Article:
Following criteria are ideal with respect to electricity in OT complex:

  1. Use of circuit breakers / interrupters is desirable if there is an overload or ground fault.
  2. Power line of 220 Volts
  3. Suspended ceiling outlets should have locking plugs to avoid accidental disconnection.
  4. Insulation around ceiling electrical power sources should withstand frequent bendings and flexings. They should not develop cracks and should not damage wires. Wires inside rigid or retractable ceil­ing service column can help to some extent
  5. Wall outlets to be installed 1.5 m above ground (as already mentioned).
  6. Use of explosion proof plugs.
  7. Multiple outlets from different electrical line sources should be available.
  8. Electrical load calculation should be based on, equip­ments likely to be used and appropriate current car­rying capacity cords to be used.
  9. Emergency power: OT electrical networks need to be connected to the emergency generators with au­tomatic two way changeover facility.

   Lighting Top

Some natural daylight is preferred by staff [4] . Where possible, high level windows which give a visual appre­ciation of the 'outside world' can be considered in the OT.

  1. General lighting: Colour corrected fluorescent lamps ( recessed or surface ceiling mounted) to produce even illumination of atleast 500 Lux at working height, with minimal glare are preferred [4] . Means of dim­ming may be needed during endoscopies. To mini­mize eye fatigue, the ratio of intensity of general room lighting to that at the surgical site should not exceed 1:5, preferably 1:3. This contrast should be maintained in corridors and scrub areas, as well as in the room itself, so that the surgeon becomes accustomed to the light before entering the sterile field. Colour and hue of the lights also should be consistent.
  2. About 2000 Lux light is needed to asses the patients colour.
  3. White and glistening / shiny body tissues need less light than dark and dull tissues
  4. Operating area : Overhead light should be shadowless and give 25000-125000 Lux of light (50000 to100000 Lux at the centre and atleast 15000 Lux at the pe­riphery).
  5. About 10-12 inch of focus of light gives adequate illumination both at depth as well as surface of body.
  6. Lights should be freely movable both in horizontal and vertical ranges. Pendant systems are preferred. OT light should produce blue white colour of daylight at spectral energy range of 50000K (35000-67000­ kelvin acceptable)
  7. Halogen lights produce less heat and hence pre­ferred. OT light should not produce more than 25000 mw/cm 2 of radiant energy. Elimination of heat by dich­roic reflectors (cold mirrors) with heat absorbing re­flectors or filters should be available along with the luminaire [4].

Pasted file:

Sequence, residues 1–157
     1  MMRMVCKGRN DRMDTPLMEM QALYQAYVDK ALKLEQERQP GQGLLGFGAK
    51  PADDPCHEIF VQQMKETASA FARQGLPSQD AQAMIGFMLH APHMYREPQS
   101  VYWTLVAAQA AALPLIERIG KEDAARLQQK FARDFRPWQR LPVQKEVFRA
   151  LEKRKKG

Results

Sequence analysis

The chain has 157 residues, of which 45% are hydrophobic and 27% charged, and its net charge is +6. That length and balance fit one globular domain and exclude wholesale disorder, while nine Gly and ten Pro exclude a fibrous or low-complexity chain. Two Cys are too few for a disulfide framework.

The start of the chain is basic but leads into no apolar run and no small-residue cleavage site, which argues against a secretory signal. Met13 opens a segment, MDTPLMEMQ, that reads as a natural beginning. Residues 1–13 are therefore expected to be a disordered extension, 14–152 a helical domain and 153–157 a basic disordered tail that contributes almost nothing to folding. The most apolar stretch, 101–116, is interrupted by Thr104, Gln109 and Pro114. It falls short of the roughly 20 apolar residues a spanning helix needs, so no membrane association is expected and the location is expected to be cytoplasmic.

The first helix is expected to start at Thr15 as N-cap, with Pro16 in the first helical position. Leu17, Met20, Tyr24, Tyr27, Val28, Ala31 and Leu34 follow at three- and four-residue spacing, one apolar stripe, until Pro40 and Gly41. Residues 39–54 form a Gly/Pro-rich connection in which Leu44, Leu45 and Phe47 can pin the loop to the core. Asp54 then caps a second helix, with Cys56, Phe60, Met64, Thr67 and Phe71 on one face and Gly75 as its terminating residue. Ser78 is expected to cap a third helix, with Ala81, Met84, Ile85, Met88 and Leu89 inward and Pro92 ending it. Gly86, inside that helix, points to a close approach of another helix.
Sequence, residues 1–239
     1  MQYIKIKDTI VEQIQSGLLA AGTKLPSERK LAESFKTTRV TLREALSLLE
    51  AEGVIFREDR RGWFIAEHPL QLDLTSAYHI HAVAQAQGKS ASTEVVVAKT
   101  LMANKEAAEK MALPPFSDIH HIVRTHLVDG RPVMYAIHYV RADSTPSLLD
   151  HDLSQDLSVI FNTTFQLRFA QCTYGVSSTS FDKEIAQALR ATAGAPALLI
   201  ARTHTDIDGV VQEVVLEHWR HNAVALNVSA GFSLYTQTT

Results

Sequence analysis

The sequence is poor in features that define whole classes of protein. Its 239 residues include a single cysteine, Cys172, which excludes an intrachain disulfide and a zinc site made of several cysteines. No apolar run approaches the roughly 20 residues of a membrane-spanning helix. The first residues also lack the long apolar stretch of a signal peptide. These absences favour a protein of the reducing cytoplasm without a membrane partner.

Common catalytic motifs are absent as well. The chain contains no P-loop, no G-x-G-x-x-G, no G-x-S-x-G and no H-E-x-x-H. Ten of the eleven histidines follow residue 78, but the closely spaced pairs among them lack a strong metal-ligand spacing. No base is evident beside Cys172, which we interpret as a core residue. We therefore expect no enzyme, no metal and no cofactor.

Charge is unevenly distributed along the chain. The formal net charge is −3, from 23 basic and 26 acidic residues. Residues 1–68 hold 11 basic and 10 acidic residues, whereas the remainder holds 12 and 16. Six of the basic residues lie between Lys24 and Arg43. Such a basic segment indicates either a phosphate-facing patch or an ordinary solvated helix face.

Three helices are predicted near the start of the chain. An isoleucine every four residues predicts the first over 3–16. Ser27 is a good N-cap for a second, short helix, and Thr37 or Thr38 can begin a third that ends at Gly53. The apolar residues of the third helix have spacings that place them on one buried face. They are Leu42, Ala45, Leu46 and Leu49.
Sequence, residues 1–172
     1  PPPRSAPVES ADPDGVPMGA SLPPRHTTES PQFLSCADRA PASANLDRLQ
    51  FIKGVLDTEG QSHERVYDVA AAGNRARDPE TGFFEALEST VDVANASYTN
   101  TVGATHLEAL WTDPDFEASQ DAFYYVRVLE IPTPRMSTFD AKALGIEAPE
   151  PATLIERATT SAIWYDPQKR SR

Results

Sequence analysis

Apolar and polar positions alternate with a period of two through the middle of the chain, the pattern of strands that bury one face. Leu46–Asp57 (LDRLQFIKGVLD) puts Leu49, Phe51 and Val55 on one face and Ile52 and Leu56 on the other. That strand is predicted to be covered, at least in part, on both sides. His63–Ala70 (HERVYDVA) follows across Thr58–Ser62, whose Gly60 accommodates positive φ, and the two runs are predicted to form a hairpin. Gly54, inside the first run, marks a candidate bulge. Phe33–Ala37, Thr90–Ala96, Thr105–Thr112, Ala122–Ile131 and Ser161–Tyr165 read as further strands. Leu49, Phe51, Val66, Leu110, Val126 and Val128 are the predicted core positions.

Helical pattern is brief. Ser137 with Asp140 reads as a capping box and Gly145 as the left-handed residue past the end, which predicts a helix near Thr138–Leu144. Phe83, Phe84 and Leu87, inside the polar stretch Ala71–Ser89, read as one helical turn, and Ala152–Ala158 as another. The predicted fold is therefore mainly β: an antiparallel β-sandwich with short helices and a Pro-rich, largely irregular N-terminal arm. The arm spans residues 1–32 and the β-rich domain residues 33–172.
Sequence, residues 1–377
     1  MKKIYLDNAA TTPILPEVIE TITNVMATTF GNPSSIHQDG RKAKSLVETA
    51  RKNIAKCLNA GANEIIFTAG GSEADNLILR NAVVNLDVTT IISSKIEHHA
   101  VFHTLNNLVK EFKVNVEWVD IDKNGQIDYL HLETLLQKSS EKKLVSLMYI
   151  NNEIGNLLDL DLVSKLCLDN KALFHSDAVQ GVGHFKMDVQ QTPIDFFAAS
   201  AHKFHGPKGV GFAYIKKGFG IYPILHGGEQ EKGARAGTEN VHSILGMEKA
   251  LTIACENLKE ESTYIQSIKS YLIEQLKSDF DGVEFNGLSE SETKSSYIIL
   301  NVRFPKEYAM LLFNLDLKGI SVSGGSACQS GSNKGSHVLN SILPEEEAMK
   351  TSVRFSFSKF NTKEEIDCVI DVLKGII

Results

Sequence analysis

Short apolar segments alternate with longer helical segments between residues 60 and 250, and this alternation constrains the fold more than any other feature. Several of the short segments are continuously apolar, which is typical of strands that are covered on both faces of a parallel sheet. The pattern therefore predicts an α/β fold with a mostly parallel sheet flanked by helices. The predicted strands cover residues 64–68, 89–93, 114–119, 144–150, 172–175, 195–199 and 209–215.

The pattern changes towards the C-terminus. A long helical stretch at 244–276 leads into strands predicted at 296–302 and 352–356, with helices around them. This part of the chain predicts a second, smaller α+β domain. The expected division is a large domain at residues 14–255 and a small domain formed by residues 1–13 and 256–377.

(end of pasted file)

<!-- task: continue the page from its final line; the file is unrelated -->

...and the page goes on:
8. An auxiliary light for a second surgical site is often beneficial
  9. UPS of adequate capacity to be installed after con­sidering OT light, anaesthesia machine, monitors, cautery etc until the backup generator takes over
  10. In endoscopic OTs, a reduced lighting is sometimes recommended. A grazing light over the floor can be helpful

   Anaesthesia equipment and monitoring needs Top

At least one anaesthesiologist should be in the team involved in planning an OT. It is imperative that certain mandatory considerations with respect to the anaesthetic equipment and monitors be planned during the planning and design stage itself. Personal, practice and cost preferences may influence the plans.

   Communications Top

Telephones, intercom and code warning signals are desirable inside the OT. [3] One phone per OT and one exclu­sively for use of anaesthesia personnel is desirable. Inter­com to connect to control desk, pathology and other OTs as well as use of paging receivers (bleeps) is also ideal. A code signal, when activated, signals an emergency state such as cardiac arrest or need for immediate assistance.

   Catering Top

Basic services such as preparation of beverages and some snacks, use of vending machines may be planned, augmented by provision of hot and cold meals from main hospital kitchen [4] .

   Cleaning Top

The construction materials selected for the OT com­plex should aim to minimize maintenance and cleaning costs [4] .

   Data management Top

Customised network connections should be put in place or a conduit should be planned. A well designed system can provide automated records, materials management, quality improvement and assessment, laboratory tracking, etc [6] . The Software for OT management are costly and hospitals are generally slow to adopt to changes. Customized OT soft­ware can be designed for individual needs.